Eleanor Oliphant is Completely Fine

Eleanor Oliphant is Completely Fine by Gail Honeyman

No one’s ever told Eleanor that life should be better than fine. 

Meet Eleanor Oliphant: She struggles with appropriate social skills and tends to say exactly what she’s thinking. Nothing is missing in her carefully timetabled life of avoiding social interactions, where weekends are punctuated by frozen pizza, vodka, and phone chats with Mummy. 

But everything changes when Eleanor meets Raymond, the bumbling and deeply unhygienic IT guy from her office. When she and Raymond together save Sammy, an elderly gentleman who has fallen on the sidewalk, the three become the kinds of friends who rescue one another from the lives of isolation they have each been living. And it is Raymond’s big heart that will ultimately help Eleanor find the way to repair her own profoundly damaged one.

I’d heard a lot about this book before my book club decided to read it, not the least of which is that they’re making a movie out of it. So with all the buzz, I went into this book with pretty high expectations.

It did take me a few chapters at the beginning to get used to Eleanor. I didn’t immediately fall in love with her as other readers did…but I did eventually. And the book had just enough well-placed sentences hinting at a a mystery in Eleanor’s past to keep me turning the pages until I got over my initial hesitation with the character.

This book, like others in a similar vein before it, thrives from its ability to put the main character in situations where they are bewildered by the actions of others…yet are painted so clearly we as the reader know exactly why the other characters reacted as they did. A Man Called Ove and The Rosie Project come to mind.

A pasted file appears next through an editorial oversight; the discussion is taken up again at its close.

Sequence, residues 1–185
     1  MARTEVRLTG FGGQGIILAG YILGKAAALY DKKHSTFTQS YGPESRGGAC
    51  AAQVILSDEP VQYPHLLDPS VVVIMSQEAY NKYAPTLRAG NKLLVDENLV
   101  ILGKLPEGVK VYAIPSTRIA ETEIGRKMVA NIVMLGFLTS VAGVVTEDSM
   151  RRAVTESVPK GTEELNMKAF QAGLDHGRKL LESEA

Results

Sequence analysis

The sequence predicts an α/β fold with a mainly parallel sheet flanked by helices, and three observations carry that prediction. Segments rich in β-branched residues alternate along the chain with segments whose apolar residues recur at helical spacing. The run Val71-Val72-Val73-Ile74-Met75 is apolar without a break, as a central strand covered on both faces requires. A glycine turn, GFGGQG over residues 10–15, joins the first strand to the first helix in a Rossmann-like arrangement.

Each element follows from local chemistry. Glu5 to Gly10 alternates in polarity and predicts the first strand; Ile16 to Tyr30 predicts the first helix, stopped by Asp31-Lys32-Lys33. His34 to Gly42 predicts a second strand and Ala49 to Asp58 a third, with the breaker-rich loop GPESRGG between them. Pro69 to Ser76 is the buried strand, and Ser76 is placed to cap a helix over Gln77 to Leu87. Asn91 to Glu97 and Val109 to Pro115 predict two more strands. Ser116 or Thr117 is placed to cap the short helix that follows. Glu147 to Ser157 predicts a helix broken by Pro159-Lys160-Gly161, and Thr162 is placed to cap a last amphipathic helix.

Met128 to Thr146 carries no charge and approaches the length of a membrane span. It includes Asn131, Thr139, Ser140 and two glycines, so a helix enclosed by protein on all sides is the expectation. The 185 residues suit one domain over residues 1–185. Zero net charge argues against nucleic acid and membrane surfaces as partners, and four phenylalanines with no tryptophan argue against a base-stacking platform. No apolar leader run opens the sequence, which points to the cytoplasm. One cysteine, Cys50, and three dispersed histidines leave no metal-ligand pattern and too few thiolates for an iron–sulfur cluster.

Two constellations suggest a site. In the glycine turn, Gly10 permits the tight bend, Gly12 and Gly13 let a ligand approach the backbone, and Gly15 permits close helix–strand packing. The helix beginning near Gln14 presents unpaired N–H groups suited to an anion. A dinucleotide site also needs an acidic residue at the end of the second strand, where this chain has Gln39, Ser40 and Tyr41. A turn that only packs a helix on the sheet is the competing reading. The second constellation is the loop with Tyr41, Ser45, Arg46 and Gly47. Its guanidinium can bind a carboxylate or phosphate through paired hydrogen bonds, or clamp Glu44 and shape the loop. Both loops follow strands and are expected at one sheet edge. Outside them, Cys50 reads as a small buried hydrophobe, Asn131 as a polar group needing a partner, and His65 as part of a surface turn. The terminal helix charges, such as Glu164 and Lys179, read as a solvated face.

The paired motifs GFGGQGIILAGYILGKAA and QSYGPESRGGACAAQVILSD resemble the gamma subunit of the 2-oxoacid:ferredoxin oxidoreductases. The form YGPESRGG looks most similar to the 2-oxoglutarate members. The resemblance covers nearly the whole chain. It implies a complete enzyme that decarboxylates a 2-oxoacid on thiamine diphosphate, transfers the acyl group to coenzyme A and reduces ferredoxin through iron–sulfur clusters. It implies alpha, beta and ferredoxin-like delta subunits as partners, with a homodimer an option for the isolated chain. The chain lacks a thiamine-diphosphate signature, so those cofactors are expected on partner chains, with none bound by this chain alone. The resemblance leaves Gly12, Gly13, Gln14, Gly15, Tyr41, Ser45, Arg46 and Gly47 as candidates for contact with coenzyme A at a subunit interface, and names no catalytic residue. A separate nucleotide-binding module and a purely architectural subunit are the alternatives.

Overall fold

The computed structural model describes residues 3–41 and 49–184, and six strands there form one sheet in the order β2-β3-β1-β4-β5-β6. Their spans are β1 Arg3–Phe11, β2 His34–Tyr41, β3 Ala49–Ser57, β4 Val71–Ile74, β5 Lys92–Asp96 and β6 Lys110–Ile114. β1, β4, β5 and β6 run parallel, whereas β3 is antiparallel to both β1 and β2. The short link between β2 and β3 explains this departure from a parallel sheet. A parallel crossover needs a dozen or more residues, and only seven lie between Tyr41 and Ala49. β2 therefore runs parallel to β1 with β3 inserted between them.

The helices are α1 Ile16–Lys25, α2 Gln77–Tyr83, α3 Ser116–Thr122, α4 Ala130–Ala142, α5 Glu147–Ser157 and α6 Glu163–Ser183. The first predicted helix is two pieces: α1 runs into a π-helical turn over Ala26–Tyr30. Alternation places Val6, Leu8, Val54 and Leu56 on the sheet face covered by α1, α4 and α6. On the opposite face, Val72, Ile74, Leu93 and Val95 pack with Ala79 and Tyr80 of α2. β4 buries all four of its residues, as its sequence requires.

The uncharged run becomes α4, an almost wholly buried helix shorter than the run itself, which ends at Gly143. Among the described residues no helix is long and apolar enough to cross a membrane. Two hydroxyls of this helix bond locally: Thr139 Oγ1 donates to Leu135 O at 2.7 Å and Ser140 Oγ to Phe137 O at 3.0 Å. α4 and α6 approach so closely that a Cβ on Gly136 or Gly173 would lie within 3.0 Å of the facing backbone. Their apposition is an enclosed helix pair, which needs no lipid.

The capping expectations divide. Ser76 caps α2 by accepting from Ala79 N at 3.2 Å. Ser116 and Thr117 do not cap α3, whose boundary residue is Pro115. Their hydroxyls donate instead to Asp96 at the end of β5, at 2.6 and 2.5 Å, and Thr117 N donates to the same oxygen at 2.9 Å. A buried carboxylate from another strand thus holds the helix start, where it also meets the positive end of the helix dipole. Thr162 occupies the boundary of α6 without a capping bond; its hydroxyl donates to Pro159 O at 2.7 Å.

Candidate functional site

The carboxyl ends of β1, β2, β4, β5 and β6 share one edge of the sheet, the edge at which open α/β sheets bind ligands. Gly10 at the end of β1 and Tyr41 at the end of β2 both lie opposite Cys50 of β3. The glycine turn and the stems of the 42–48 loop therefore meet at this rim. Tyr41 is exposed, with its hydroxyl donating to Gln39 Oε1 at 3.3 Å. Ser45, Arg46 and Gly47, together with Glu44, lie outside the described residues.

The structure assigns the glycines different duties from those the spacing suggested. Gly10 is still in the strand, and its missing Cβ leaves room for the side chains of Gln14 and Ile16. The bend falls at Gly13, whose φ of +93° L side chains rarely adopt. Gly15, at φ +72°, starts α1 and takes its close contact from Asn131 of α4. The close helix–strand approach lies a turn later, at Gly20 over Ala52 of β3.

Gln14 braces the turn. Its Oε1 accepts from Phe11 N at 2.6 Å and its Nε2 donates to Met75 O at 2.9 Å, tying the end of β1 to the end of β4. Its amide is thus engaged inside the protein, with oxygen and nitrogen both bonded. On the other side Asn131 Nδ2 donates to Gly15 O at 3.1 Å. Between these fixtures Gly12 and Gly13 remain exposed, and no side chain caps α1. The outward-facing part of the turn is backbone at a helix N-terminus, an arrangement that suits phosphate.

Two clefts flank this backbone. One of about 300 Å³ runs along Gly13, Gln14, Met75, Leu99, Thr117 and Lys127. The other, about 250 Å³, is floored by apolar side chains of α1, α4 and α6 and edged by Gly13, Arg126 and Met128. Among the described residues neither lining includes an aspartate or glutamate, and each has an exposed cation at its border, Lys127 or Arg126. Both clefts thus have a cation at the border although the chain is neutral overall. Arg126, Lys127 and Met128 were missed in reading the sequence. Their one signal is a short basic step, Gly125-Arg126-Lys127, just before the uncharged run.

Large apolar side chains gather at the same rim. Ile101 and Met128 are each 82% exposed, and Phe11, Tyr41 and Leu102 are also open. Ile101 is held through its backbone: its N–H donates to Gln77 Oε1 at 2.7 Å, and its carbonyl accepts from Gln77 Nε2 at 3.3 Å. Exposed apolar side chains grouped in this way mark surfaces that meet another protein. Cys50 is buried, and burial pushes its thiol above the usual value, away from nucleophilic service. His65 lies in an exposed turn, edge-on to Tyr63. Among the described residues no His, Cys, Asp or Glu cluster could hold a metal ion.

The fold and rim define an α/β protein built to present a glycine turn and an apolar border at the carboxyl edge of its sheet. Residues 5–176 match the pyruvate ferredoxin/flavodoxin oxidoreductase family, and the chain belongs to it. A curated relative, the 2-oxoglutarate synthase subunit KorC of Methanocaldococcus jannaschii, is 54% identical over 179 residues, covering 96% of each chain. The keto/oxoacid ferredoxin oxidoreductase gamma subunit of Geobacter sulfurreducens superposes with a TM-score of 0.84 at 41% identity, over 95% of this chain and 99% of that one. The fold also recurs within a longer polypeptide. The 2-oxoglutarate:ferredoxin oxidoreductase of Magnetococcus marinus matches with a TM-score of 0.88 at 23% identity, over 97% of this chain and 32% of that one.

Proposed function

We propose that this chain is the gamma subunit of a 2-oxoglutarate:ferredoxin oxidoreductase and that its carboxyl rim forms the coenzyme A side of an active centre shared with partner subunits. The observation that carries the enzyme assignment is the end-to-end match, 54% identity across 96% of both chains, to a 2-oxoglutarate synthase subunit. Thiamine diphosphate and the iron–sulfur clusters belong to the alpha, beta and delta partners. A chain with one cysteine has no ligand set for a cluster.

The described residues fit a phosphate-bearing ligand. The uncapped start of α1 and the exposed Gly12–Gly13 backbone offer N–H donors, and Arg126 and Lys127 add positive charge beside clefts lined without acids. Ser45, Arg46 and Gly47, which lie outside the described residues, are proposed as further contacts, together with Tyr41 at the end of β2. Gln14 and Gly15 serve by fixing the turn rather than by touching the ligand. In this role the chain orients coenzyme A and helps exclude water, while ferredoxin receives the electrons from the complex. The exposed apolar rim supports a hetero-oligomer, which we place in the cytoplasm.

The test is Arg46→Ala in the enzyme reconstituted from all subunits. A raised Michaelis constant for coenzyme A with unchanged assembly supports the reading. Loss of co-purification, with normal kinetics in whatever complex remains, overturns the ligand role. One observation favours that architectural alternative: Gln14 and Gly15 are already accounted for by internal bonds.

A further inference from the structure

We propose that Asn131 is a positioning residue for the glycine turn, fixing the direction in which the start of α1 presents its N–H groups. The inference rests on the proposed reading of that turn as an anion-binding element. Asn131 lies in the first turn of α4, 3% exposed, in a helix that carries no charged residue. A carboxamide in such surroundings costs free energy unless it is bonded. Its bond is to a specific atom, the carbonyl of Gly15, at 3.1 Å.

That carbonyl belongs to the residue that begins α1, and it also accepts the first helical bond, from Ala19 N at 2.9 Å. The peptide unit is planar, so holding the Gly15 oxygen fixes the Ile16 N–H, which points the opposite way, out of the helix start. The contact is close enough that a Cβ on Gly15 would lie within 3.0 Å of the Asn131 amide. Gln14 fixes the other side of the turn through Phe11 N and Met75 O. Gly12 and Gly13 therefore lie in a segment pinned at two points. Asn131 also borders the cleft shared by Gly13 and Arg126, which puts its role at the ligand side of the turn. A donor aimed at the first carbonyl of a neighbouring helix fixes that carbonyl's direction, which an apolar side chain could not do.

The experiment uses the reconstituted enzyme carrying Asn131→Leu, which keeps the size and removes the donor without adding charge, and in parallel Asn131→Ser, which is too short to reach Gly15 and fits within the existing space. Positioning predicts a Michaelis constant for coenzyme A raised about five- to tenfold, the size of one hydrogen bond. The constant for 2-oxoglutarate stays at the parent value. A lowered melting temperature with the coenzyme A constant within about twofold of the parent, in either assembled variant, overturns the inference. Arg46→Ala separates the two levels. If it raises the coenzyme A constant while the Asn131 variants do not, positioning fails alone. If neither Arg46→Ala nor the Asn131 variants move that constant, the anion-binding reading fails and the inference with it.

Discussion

What I liked about this story in particular though is that it isn’t afraid to take us to dark places both in the main character’s history and in their psyche. No spoilers, but Eleanor’s history is painful and her low moment in the story is about as low as you can go. And then we get to watch her to try to claw her way back from that.

If you’re looking for a page-turning read to tote along on your next vacation, give this one a try. For fans of The Rosie Project, A Man Called Ove, Where’d You Go Bernadette, Something Missing, and The Curious Case of the Dog in the Nighttime.

The Guernsey Literary and Potato Peel Pie Society

The Guernsey Literary and Potato Peel Pie Society by Mary Ann Shaffer and Annie Barrows

January 1946: London is emerging from the shadow of the Second World War, and writer Juliet Ashton is looking for her next book subject. Who could imagine that she would find it in a letter from a man she’s never met, a native of the island of Guernsey, who has come across her name written inside a book by Charles Lamb…

As Juliet and her new correspondent exchange letters, Juliet is drawn into the world of this man and his friends—and what a wonderfully eccentric world it is. The Guernsey Literary and Potato Peel Pie Society—born as a spur-of-the-moment alibi when its members were discovered breaking curfew by the Germans occupying their island—boasts a charming, funny, deeply human cast of characters, from pig farmers to phrenologists, literature lovers all.

Juliet begins a remarkable correspondence with the society’s members, learning about their island, their taste in books, and the impact the recent German occupation has had on their lives. Captivated by their stories, she sets sail for Guernsey, and what she finds will change her forever.

Written with warmth and humor as a series of letters, this novel is a celebration of the written word in all its guises and of finding connection in the most surprising ways.

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I’ve almost bought this book so many times because I thought the premise sounded good, but I always stopped when I saw it was a WWII book. I almost bought it again when I saw the trailer for the Netflix movie. But I didn’t pull the trigger until my book club decided to read it this fall.

To me this is a funny book because I’m honestly surprised I liked it as much as I did. It has elements I normally don’t really like in books, but somehow in this instance it worked for me.